The computer program(s) can be implemented using one or more high level procedural or objectoriented programming languages to communicate with a computer system; however, the program(s) can be implemented in assembly or machine language, if desired. The language can be compiled or interpreted.
As provided herein, the processor(s) and/or processing elements can thus be embedded in one or more devices that can be operated independently or together in a networked environment, where the network can include, for example, a Local Area Network (LAN), wide area network (WAN), and/or can include an intranet and/or the Internet and/or another network. The network(s) can be wired or wireless or a combination thereof and can use one or more communication protocols to facilitate communication between the different processors/processing elements. The processors can be configured for distributed processing and can utilize, in some embodiments, a clientserver model as needed. Accordingly, the methods, devices, and systems can utilize multiple processors and/or processor devices, and the processor/processing element instructions can be divided amongst such single or multiple processor/devices/processing elements.
The device(s) or computer systems that integrate with the processor(s)/processing element(s) can include, for example, a personal computer(s), workstation (e.g., Dell, HP), personal digital assistant (PDA), handheld device such as cellular telephone, laptop, handheld, or another device capable of being integrated with a processor(s) that can operate as provided herein. Accordingly, the devices provided herein are not exhaustive and are provided for illustration and not limitation.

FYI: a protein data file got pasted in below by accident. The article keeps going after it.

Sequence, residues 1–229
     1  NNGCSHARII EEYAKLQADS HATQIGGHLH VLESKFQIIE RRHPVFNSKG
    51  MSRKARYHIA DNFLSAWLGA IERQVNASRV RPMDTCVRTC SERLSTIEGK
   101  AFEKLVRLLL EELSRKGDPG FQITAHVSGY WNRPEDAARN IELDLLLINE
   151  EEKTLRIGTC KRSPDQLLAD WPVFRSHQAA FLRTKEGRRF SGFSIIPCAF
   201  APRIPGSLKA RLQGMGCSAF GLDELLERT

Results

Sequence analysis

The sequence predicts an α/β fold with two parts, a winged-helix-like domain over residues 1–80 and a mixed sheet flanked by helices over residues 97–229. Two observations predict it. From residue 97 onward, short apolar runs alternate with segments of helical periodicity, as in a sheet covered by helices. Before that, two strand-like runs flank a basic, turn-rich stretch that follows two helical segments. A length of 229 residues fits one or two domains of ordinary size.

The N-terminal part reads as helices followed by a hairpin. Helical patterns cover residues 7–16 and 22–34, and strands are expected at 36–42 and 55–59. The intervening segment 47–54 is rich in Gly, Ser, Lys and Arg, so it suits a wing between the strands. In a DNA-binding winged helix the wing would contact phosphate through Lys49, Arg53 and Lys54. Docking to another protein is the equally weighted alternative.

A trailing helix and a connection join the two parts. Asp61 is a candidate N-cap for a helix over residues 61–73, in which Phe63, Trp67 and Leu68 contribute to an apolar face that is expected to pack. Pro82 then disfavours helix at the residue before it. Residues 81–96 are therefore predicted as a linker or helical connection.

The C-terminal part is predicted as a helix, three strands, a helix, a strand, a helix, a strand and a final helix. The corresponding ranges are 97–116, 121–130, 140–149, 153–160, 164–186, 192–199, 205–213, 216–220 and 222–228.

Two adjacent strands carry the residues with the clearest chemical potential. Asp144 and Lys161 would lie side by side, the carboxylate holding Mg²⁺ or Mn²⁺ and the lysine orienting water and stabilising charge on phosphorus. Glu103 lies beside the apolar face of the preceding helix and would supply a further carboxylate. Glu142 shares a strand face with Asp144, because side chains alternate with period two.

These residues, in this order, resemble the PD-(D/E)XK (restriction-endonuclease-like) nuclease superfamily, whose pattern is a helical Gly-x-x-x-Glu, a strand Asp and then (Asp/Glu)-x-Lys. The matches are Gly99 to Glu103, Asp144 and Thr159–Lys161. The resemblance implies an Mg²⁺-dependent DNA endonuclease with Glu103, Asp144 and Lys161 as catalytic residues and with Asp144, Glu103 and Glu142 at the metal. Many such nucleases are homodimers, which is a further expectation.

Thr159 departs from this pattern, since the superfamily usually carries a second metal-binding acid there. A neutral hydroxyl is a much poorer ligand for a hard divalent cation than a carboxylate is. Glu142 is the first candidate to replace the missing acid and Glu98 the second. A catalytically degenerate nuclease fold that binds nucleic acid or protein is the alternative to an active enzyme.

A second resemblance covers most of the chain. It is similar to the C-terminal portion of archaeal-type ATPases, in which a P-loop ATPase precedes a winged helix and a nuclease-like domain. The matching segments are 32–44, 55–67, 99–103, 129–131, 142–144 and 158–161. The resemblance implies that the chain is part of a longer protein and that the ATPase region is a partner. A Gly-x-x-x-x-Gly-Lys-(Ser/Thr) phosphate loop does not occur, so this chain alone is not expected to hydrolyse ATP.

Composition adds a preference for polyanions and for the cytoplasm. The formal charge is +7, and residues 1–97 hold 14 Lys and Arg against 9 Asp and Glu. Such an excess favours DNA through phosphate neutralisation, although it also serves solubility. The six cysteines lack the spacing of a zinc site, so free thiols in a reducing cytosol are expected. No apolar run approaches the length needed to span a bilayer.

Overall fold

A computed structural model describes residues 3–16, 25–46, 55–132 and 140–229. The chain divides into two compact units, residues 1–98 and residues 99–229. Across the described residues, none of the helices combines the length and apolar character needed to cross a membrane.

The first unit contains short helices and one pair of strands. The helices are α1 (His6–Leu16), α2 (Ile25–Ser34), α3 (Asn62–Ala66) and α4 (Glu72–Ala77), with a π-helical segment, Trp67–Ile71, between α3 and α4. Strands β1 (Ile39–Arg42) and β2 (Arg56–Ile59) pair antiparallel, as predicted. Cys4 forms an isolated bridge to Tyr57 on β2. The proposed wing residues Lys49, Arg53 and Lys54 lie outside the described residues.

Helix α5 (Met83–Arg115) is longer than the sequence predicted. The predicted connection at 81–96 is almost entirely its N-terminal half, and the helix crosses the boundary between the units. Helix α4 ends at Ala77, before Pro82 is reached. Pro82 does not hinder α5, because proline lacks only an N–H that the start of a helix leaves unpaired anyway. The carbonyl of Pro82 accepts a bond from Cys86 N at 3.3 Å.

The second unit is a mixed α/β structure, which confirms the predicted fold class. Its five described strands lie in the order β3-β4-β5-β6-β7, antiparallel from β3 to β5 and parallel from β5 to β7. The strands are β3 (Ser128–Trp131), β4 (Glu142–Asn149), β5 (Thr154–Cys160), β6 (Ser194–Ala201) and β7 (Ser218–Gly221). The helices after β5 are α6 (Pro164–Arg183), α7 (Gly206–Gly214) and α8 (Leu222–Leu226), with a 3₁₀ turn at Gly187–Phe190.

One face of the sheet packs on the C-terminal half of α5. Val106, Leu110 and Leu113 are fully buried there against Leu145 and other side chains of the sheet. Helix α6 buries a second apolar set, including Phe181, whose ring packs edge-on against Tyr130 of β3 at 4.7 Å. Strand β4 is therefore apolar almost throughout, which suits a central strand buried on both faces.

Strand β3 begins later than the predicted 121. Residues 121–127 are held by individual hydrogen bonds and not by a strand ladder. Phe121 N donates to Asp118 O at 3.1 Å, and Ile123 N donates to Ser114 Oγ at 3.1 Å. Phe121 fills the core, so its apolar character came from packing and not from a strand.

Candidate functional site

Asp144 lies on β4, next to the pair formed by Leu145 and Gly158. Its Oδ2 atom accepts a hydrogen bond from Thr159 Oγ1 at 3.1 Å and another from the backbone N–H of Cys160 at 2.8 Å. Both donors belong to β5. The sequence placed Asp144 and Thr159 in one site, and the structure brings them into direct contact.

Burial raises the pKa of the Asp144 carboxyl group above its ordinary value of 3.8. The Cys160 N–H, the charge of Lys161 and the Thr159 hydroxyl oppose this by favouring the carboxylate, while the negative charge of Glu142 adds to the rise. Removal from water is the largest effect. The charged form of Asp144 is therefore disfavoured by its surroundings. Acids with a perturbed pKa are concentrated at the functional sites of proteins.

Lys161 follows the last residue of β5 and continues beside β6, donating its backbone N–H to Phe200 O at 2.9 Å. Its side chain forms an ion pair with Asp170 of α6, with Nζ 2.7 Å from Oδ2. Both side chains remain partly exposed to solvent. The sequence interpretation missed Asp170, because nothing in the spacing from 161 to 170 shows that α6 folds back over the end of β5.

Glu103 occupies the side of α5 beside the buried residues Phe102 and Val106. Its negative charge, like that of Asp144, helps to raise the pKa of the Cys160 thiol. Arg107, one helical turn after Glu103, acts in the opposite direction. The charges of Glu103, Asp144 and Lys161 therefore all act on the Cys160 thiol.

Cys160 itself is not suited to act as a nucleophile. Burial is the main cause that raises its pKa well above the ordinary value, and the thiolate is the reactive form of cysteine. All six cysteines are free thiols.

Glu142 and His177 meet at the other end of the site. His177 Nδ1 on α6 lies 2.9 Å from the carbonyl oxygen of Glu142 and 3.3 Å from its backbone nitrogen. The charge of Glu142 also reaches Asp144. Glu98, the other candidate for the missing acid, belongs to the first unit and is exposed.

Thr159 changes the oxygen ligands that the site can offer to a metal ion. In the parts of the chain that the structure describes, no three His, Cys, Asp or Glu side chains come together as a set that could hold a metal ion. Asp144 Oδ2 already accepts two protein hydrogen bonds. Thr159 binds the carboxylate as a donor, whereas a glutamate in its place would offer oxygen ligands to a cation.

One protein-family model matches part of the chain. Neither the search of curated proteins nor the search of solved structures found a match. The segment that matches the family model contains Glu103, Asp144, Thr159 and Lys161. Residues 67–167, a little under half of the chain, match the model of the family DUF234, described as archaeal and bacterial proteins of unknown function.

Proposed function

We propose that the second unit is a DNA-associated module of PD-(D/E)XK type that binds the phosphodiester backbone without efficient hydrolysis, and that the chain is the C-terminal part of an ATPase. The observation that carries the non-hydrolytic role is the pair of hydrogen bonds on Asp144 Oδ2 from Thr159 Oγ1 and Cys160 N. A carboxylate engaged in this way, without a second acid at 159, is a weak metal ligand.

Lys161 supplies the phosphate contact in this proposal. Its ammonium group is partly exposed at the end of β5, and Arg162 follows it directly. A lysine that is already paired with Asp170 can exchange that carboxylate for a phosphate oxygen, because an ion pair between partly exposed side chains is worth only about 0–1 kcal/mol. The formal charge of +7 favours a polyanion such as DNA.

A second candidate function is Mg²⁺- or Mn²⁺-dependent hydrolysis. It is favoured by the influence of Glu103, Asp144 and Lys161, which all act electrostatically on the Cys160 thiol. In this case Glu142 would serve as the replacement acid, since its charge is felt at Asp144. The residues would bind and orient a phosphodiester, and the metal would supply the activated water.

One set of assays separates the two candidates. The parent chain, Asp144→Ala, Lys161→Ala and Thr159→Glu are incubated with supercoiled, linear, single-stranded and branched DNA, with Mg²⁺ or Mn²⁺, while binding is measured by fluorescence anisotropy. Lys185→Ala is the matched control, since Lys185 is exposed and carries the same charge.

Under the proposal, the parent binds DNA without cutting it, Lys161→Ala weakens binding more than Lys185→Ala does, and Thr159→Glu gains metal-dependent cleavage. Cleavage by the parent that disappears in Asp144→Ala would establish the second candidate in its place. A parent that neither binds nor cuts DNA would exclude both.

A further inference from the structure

References to “a processor”, or “a processing element,” “the processor,” and “the processing element” can be understood to include one or more microprocessors that can communicate in a standalone and/or a distributed environment(s), and can thus can be configured to communicate via wired or wireless communication with other processors, where such one or more processor can be configured to operate on one or more processor/processing elementscontrolled devices that can be similar or different devices. Use of such “microprocessor,” “processor,” or “processing element” terminology can thus also be understood to include a central processing unit, an arithmetic logic unit, an applicationspecific integrated circuit (IC), and/or a task engine, with such examples provided for illustration and not limitation.